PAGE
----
Feeding the Masses of Fauna off Sunflowers

Crimson Rosella "harvesting" the sunflowers for her friends

Crimson Rosella “harvesting” the sunflowers for her friends

Cockatoos sharing some sunflower seeds

Cockatoos sharing some sunflower seeds

Seriously, those sunflowers really bring in the masses. The gift that keeps on giving.

IMG_8133IMG_0513IMG_0670These are some of the uses to which my sunflowers are put in my garden:

Seeds: As soon as they’re planted they’re dug up and eaten by the bandicoot.

Sprouts: Once they show their heads, they’re nipped off by possums and/or bandicoots.

Flowers: Nectar and pollen are joyfully collected by bees, and not just my honeybees either.

Petals: The delicate yellow petals are munched by birds – any birds (or at least any bird in the parrot family).

Seeds again: Before I can harvest them they are eaten by birds – all the birds: cockatoos, crimson rosellas and even the chickens enjoy sunflower seeds. The cockatoos are clever enough to realise they can’t stand on the weak stalks so they walk up and bite the stem near the base, making the whole flower fall with the head in easy snacking position. We watched happily while 2 birds devoured 3 flowers this way (photo above) but when they looked up at number 4 we chased them off. There’s really got to be a limit to a feeding frenzy or there will be nothing left for everyone to share.


Sulphur Crested Cockatoo in the Sunflowers

Sulphur Crested Cockatoo in the Sunflowers

Leafcutter Bee on a Sunflower

Leafcutter Bee on a Sunflower

Without a doubt, sunflowers are the most appreciated plant I’ve ever grown – and, not that it matters, they’re beautiful!

Now I’ve got to try to save some so I can harvest seeds for next year’s sowing. I put bags around 3 of the heads in the hopes the birds will leave them alone. At this point I’m cautiously optimistic.



About Laura Rittenhouse

I'm an American-Australian author, gardener and traveller. Go to my writing website: www.laurarittenhouse.com for more. If you're trying to find my gardening blog, it's here.
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15 Responses to Feeding the Masses of Fauna off Sunflowers

  1. Lovely photographs! You’ve got some hungry critters in your garden. The cockatoos are beautiful but too clever. Its lucky we do not have any here as it would ruin the local sunflower industry. The sunflowers stand more or less intact until harvest and even then the heads that are left often stay in the fields most of the winter only slowly being eaten by the pigeons etc.
    It must be worth it for you though to see the birds like the cockatoo and the rosella in the garden. I suppose the only answer is to sow even more. I hope you don’t have anything that eats your bags.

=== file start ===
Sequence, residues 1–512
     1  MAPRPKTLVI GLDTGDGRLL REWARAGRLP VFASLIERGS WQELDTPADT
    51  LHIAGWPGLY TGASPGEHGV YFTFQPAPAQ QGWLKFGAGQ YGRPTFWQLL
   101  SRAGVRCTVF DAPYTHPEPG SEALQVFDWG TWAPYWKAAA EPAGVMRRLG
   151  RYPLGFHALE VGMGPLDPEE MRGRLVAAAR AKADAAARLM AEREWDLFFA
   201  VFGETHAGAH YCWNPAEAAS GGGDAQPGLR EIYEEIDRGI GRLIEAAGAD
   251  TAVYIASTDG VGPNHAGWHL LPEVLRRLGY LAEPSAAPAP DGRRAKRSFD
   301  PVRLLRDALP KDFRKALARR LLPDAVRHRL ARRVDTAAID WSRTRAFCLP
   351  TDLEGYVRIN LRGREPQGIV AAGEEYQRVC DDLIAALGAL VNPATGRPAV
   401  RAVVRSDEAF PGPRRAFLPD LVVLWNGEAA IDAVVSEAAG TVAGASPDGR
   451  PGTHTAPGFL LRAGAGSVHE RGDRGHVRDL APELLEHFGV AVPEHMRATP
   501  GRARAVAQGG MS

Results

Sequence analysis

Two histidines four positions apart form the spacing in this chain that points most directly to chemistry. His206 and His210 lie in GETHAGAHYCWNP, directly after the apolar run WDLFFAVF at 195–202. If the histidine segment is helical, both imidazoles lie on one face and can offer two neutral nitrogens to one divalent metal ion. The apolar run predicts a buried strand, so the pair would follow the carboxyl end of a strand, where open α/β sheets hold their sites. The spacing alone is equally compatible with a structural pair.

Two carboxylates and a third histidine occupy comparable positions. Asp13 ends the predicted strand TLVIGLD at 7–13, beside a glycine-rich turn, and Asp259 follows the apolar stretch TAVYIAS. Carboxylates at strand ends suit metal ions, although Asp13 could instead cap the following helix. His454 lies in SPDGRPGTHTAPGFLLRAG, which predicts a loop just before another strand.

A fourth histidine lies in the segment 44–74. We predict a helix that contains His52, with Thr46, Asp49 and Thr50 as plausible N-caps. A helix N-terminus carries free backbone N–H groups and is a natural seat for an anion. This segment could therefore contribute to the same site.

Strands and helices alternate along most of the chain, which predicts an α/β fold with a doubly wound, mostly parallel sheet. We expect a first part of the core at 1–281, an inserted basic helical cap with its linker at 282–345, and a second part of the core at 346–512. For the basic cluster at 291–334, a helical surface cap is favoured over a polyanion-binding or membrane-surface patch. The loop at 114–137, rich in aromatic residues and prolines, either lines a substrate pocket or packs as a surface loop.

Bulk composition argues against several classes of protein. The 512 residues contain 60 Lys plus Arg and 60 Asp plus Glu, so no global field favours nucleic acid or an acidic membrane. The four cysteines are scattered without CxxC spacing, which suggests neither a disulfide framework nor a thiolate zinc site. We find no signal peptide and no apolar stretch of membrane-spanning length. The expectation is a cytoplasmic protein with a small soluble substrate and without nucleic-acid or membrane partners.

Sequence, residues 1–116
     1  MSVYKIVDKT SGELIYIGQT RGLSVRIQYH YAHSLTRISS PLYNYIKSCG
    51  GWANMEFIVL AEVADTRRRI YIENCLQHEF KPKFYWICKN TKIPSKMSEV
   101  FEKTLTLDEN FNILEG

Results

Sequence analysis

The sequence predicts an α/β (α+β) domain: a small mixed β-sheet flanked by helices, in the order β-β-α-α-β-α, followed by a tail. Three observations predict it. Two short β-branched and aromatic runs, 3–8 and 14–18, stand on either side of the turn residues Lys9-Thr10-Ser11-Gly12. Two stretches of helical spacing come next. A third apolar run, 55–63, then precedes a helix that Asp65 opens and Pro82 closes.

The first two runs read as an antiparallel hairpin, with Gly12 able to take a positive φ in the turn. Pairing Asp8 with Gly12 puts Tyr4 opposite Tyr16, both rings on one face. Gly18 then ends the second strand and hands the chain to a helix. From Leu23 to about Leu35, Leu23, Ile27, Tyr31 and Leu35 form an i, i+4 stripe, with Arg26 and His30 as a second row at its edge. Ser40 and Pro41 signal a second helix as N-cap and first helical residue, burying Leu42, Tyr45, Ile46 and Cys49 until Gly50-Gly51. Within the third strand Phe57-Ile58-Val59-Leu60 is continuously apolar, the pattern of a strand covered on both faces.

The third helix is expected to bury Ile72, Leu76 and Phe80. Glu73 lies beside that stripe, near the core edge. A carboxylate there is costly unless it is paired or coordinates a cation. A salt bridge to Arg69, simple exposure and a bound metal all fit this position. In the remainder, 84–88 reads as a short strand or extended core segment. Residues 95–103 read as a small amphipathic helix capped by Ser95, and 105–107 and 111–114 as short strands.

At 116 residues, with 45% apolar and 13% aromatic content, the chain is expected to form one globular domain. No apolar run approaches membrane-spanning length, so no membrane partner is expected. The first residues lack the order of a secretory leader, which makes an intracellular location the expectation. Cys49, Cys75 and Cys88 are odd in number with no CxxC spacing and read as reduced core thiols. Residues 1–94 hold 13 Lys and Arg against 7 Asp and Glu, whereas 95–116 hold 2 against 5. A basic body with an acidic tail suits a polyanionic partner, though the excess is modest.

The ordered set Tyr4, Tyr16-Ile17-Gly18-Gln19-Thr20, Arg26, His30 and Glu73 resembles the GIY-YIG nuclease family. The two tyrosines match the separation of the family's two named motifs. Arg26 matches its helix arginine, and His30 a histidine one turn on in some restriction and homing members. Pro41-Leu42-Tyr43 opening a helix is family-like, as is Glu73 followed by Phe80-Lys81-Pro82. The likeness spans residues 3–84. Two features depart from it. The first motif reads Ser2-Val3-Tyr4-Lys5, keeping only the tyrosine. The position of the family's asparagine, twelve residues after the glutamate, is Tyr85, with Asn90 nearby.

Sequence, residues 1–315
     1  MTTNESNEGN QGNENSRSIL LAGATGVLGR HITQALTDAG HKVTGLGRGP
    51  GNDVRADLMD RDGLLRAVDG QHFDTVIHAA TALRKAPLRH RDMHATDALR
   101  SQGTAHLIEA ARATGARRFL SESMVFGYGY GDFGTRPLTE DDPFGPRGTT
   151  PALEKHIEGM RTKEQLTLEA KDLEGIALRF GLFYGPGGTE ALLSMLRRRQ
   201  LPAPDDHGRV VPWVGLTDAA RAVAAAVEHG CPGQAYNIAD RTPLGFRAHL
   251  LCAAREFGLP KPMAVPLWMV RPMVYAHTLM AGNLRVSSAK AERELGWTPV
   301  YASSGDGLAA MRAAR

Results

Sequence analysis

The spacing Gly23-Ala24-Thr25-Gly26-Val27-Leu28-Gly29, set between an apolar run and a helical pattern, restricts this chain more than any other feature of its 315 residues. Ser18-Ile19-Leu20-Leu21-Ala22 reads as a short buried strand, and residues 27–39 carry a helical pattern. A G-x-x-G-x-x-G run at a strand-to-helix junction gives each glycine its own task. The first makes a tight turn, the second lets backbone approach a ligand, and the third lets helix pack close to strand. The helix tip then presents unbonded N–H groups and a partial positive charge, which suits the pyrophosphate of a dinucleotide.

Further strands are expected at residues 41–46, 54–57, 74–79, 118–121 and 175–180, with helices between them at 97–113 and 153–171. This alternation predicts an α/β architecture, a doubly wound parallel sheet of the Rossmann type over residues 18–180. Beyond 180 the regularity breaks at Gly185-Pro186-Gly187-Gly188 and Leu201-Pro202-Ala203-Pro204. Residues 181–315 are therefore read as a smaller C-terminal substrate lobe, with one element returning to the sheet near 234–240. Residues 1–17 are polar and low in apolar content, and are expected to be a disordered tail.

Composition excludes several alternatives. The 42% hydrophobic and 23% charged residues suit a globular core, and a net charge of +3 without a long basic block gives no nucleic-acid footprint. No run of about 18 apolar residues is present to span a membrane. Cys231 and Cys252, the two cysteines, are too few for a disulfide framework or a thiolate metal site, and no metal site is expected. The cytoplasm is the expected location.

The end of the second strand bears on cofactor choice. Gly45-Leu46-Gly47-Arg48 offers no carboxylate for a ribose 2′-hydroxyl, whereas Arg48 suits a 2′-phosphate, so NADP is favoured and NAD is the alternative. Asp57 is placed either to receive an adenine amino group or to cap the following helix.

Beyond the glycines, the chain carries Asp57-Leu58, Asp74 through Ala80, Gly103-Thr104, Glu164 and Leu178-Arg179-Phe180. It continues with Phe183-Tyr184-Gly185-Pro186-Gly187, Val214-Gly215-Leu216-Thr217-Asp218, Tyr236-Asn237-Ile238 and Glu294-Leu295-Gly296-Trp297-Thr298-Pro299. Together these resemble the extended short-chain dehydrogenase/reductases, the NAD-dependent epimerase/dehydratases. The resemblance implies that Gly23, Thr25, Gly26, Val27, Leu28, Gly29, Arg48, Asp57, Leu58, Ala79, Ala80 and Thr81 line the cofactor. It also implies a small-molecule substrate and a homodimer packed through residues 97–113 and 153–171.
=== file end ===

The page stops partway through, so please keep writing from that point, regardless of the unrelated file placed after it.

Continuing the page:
• I first planted the sunflowers 2 years ago because I think they might just be the coolest flower ever – so huge! Then the birds started coming. Now I plant them because I am a huge fan of parrots. Yes they are destructive (grain farmers HATE cockatoos) but lordy are they beautiful to watch.

      So far so good on the bag front. I put some on my avocadoes a while back and those are working – the possums are eating their way through the unbagged avocadoes but those in bags are untouched (so far) which gives me hope this will work for my sunflowers. Of course if the cockatoos snip the flower stalk, the bag won’t save the head.

  2. A very beautiful post and photos.

  3. fiammisday says:

    Cute and interesting post and blog!! I’m following you!! A big kiss from Florence!!

    • I’m glad you like the blog and I hope you enjoy future posts. Isn’t the internet amazing, a woman from Florence with a passion for fashion “meets” a woman from Sydney with a garden obsession.

  4. Seasonsgirl says:

    What nice weather it looks like you are having. Your chickens look great πŸ™‚

    • Well, it depends on how you define “nice” weather. It’s been a really dry summer which is good for the bees. Some of the plants – assuming we water them daily – love this weather but others are shooting and/or drooping. The entire country is breaking all kinds of records for heat waves that, combined with the lack of rain, means we’re having a terrible – and I mean TERRIBLE – bush fire season.

      The chickens are great. We spoil them, provide them water and even some water sprayers when the temperature climbs and they reward us with lots of eggs and friendly little chuckles.

      • Seasonsgirl says:

        Middle of the US had a bad summer too… hot and fires. On the other hand we had so much rain things started to sink πŸ˜‰ The grass looked great as did the sunflower πŸ™‚

  5. those pictures are amazing! i’ve posted some of my girls for you! x

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